Domestic Violence: Definition, Introduction and Types of Domestic Abuse

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Domestic violence is defined as a pattern of coercive and assaultive behaviour that include physical, sexual verbal and psychological attacks and economic coercion that adult/adolescence used against the intimate partner. - Ganley and Schecter.


  • Universal violent social statement
  • Includes actual abuse or the threat of abuse that is physical, sexual, verbal, emotional and economical
  • Built on male superiority and female inferiority
  • sex stereo typed roles and expectations
  • Economic, social, and political predominance of men
  • Dependency of women
  • Men՚s superior physical strength

Types of Domestic Abuse

Types of Domestic Abuse

According to a survey done by the Ministry of Health and Family Welfare, Government of India, and the Planning Commission in 2013 it was revealed that around 40 to 80 % of women in India are victims of domestic violence.

Causes of Domestic Violence

  • Personality traits
  • Gender inequality
  • Economic inequality
  • Women perceived as an “object” rather than a “subject” and gives her low status in society.
  • Female socialization
  • Feminist theorists blame the patriarchal structure of society -- systematic domination of females by males
  • Gendered social structure. Gender here refers to the socially constructed roles, behaviour, and expectations
  • Means of controlling women

Can be classified in to three subheadings:

  • Against girl child
  • Against married women
  • Against elderly women

Against Girl Child

  • The violence begins before birth if the foetus is female.
  • Low value attached to girl՚s life due to preference for male child
  • Child abuse within the family includes physical violence, sexual abuse, emotional abuse, and neglect
  • Superstitions - having sex with an infant or a virgin can cure a man of impotency
  • Marital conflicts – vulnerable environment for girl child
  • Children՚s lack of knowledge and information about sex
  • Child marriage

Against Married Women

  • Battered child syndrome
  • Dependency in relationship
  • Imbalance of power and authority
  • Socialization - Patriarchy seen as positive and manly
  • Lack of education
  • Demand for dowry
  • Lack of awareness (of rights too)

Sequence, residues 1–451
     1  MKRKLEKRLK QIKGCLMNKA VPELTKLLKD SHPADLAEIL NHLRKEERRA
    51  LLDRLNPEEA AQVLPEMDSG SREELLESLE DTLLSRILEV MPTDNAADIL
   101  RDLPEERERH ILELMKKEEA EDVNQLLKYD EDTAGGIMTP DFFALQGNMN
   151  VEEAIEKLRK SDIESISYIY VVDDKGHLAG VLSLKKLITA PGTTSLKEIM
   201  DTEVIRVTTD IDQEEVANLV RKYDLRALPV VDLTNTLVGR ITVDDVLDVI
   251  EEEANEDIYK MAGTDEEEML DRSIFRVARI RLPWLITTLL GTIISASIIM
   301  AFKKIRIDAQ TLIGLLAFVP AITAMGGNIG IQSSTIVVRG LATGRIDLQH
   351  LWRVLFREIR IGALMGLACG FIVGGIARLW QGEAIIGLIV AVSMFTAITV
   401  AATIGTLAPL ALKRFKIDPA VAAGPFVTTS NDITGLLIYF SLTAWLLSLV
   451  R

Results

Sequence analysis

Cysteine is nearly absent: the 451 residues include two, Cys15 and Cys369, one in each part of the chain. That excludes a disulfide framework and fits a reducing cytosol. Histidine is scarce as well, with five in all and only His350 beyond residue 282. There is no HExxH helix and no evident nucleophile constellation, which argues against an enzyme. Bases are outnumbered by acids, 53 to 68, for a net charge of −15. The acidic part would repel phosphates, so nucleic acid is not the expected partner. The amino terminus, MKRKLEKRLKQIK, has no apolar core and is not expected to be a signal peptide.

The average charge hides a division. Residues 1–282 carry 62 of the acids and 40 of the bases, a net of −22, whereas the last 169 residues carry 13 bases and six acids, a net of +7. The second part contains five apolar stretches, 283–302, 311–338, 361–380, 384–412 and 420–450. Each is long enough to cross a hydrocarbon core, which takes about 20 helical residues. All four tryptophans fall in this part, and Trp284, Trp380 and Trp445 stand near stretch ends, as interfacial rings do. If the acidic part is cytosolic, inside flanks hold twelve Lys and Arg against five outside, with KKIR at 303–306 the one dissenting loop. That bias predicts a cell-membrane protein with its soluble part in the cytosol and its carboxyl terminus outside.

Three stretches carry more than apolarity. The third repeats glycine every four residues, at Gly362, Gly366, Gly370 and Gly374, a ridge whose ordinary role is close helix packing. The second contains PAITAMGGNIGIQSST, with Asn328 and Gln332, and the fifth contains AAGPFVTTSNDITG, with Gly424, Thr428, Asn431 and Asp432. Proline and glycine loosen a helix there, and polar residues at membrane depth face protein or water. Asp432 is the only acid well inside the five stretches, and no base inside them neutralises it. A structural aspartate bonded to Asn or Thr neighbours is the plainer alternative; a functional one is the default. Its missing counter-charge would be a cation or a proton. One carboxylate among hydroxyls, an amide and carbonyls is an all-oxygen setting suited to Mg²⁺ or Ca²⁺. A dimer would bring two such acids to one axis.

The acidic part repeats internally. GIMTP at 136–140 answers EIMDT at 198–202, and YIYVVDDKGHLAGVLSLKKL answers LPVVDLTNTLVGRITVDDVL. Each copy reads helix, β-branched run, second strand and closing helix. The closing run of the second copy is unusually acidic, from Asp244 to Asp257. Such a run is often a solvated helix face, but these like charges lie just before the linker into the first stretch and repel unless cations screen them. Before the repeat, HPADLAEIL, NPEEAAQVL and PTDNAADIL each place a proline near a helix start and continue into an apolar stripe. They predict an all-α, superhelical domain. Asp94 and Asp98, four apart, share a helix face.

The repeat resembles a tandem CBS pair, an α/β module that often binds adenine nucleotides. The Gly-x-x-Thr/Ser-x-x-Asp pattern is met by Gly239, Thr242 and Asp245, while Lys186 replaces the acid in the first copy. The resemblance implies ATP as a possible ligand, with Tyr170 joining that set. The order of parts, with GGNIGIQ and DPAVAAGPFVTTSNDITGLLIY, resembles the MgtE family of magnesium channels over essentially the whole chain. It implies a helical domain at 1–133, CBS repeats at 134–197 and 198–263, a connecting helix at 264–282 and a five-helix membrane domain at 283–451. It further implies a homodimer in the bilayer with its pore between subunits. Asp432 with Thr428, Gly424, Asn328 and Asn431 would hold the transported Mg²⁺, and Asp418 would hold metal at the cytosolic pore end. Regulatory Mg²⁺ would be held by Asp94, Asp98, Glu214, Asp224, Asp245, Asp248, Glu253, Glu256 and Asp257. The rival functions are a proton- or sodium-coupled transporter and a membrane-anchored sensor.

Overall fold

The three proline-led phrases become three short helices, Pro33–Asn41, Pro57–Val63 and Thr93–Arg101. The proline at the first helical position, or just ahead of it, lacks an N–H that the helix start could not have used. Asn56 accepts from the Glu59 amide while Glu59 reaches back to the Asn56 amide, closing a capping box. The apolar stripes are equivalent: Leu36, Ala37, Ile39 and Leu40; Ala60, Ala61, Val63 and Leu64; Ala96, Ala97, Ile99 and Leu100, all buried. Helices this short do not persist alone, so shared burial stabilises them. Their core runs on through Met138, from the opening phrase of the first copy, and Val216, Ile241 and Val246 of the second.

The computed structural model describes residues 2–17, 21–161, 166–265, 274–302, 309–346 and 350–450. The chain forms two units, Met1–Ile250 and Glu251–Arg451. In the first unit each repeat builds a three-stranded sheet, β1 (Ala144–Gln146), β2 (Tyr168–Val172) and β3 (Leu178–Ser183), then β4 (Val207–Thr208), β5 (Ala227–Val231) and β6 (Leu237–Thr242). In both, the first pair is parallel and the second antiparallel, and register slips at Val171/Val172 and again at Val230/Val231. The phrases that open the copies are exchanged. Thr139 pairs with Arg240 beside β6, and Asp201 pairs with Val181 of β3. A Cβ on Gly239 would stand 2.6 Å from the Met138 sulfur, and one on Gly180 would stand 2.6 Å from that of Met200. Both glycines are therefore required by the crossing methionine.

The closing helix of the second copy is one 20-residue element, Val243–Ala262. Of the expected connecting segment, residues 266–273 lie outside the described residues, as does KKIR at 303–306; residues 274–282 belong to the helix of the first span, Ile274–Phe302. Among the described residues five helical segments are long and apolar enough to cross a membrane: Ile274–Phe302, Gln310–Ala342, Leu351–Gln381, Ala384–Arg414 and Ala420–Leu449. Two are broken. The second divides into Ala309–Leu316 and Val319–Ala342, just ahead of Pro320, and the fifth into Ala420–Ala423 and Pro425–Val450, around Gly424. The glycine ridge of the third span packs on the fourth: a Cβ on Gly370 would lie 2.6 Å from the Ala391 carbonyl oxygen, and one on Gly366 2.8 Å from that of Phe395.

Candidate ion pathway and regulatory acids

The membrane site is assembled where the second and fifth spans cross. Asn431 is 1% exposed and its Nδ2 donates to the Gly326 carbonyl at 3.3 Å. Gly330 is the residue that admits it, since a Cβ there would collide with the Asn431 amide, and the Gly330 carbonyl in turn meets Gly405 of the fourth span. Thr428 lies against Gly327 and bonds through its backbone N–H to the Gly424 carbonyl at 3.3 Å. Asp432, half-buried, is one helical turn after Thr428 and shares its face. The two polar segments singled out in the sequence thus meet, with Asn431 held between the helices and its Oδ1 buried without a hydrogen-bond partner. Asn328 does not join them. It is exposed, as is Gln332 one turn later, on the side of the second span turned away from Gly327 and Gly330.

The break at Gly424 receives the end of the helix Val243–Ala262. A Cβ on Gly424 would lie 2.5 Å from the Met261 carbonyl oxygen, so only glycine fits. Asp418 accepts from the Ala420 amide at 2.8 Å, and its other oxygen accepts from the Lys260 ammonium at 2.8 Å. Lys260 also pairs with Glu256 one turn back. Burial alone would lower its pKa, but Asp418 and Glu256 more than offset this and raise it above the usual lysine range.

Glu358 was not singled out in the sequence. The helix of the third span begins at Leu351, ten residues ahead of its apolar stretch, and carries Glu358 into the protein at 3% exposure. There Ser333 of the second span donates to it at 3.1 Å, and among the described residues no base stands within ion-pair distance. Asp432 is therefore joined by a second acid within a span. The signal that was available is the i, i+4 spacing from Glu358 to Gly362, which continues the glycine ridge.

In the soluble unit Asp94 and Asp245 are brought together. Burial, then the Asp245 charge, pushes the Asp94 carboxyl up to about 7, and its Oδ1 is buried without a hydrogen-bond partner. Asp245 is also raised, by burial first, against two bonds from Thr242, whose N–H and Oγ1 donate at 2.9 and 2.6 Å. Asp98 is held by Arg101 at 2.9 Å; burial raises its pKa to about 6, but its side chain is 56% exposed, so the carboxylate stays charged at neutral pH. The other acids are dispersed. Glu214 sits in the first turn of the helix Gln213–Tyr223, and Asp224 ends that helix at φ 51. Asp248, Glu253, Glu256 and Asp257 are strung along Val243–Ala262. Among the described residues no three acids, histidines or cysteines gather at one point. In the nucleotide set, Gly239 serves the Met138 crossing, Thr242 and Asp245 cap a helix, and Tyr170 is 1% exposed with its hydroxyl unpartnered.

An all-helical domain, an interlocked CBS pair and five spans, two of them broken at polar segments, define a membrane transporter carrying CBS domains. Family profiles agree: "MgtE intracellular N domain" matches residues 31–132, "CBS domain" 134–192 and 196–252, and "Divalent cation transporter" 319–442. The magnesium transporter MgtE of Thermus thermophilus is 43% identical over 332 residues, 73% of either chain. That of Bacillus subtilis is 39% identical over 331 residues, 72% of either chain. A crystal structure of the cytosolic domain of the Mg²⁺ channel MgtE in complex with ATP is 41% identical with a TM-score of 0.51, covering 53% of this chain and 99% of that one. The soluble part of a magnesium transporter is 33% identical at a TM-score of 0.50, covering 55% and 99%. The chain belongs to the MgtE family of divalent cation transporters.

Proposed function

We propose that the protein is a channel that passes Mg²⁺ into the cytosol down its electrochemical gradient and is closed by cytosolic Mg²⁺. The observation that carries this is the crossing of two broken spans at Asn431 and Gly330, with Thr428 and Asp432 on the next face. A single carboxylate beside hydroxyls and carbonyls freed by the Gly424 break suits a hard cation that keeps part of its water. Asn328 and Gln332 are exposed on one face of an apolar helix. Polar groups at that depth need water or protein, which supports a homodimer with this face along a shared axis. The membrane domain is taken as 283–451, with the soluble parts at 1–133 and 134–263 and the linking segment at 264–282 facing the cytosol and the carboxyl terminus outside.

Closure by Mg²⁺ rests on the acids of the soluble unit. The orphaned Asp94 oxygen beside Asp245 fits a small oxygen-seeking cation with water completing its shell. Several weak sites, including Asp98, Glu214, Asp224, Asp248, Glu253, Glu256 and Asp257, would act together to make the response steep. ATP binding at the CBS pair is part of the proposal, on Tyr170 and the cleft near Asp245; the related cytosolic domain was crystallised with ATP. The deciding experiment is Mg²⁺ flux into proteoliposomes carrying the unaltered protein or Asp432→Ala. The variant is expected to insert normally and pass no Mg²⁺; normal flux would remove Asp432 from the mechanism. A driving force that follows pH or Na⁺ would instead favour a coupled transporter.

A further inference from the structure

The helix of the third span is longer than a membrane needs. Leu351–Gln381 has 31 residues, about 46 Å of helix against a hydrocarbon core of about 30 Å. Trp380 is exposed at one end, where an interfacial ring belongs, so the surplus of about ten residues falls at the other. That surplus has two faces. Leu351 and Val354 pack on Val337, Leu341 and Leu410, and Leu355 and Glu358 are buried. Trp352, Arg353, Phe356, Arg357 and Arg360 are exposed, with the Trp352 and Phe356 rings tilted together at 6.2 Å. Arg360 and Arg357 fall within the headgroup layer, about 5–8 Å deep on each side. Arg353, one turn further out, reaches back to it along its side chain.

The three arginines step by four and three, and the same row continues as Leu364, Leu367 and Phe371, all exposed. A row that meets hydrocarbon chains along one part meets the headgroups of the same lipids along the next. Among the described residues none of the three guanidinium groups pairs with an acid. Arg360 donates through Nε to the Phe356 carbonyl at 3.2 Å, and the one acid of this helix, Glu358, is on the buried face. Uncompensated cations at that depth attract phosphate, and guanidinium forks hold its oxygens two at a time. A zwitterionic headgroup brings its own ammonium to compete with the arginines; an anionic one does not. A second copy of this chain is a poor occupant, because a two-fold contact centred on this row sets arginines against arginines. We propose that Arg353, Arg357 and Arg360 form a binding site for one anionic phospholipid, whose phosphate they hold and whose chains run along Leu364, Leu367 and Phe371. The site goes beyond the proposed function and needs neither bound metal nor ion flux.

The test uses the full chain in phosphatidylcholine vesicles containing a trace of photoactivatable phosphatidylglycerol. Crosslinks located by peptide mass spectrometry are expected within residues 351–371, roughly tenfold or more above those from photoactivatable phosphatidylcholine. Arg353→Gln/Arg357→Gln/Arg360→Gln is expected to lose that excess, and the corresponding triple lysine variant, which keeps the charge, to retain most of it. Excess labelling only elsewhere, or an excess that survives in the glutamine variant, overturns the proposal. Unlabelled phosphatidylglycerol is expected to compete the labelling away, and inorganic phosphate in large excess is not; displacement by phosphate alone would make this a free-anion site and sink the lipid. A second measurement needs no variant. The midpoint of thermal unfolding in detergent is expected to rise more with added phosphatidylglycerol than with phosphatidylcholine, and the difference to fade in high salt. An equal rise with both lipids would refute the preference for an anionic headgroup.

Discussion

• To exert power and dominance
  • Alcohol or drugs
  • Negative attitude towards women in general
  • Adherence to stereotypical models of masculine and feminine behaviour
  • Unawareness of basic human rights and other legal rights of women
  • A wall of silence, denial and neglect, and cultural acceptance of domestic violence
  • Ego clashes with in-laws and authoritative behaviour by husband and in laws

Against Elderly Women

  • Vulnerable
  • Physically weak
  • Social isolation
  • Dependency
  • Generation gap – individuality
  • Imbalance between roles of caretaker and receiver
  • Stress – medical bills, care
  • Neglect
  • Lack of awareness – economic and legal rights
  • Cultural issue – sacrifice – tolerance

Way Ahead

  • Define and conceptualize domestic violence
  • Raise the awareness of violence against women in intimate relationship
  • Integrate various violent behaviour into mainstream debates on crime
  • Laws and schemes
  • Protection of Women from Domestic Violence Act, 2005


Q. 1. Which of the following is not a form of domestic violence?

(1) Dowry deaths

(2) Sexual Abuse

(3) Abduction

(4) Wife battering

Ans: (3)

Q. 2. Which of the following statements is true to describe domestic violence?

a) In domestic violence the only victims are married women

b) Girl child are only vulnerable to domestic violence

c) Domestic violence includes physical, sexual, mental, and verbal abuse of a person in household setting

d) Domestic violence is an indication of progressive society

Ans: c)

#Socio-Cultural Issues

#Family disharmony

#Domestic violence


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